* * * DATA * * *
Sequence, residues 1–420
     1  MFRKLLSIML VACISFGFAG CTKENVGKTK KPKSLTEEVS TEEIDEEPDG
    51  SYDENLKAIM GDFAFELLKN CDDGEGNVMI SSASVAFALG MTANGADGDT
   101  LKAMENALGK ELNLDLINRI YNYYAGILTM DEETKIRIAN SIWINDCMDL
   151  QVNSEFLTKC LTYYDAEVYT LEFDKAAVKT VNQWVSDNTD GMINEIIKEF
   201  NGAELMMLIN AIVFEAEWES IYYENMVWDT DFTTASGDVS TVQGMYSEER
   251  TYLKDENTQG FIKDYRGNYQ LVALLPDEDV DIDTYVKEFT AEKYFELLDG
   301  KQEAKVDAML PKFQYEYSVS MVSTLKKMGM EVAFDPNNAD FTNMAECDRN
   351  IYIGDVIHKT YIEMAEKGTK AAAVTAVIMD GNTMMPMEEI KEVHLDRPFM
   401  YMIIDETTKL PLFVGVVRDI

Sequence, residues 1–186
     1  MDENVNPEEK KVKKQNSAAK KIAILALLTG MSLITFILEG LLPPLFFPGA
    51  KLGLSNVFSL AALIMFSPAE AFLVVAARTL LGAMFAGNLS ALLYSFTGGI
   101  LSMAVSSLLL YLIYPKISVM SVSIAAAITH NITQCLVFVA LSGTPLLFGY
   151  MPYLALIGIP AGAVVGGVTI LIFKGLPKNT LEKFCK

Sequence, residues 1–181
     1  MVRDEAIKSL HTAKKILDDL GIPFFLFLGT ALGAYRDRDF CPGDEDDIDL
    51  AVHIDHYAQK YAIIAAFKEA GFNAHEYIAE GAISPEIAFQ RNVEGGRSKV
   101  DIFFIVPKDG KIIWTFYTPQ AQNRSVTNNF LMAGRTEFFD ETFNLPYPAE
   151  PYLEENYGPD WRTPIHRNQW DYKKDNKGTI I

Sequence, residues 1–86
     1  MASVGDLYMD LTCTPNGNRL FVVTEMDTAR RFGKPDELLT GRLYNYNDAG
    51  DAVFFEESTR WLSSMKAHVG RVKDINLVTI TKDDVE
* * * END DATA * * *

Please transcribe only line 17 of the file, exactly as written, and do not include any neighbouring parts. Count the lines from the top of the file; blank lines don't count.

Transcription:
     1  MVRDEAIKSL HTAKKILDDL GIPFFLFLGT ALGAYRDRDF CPGDEDDIDL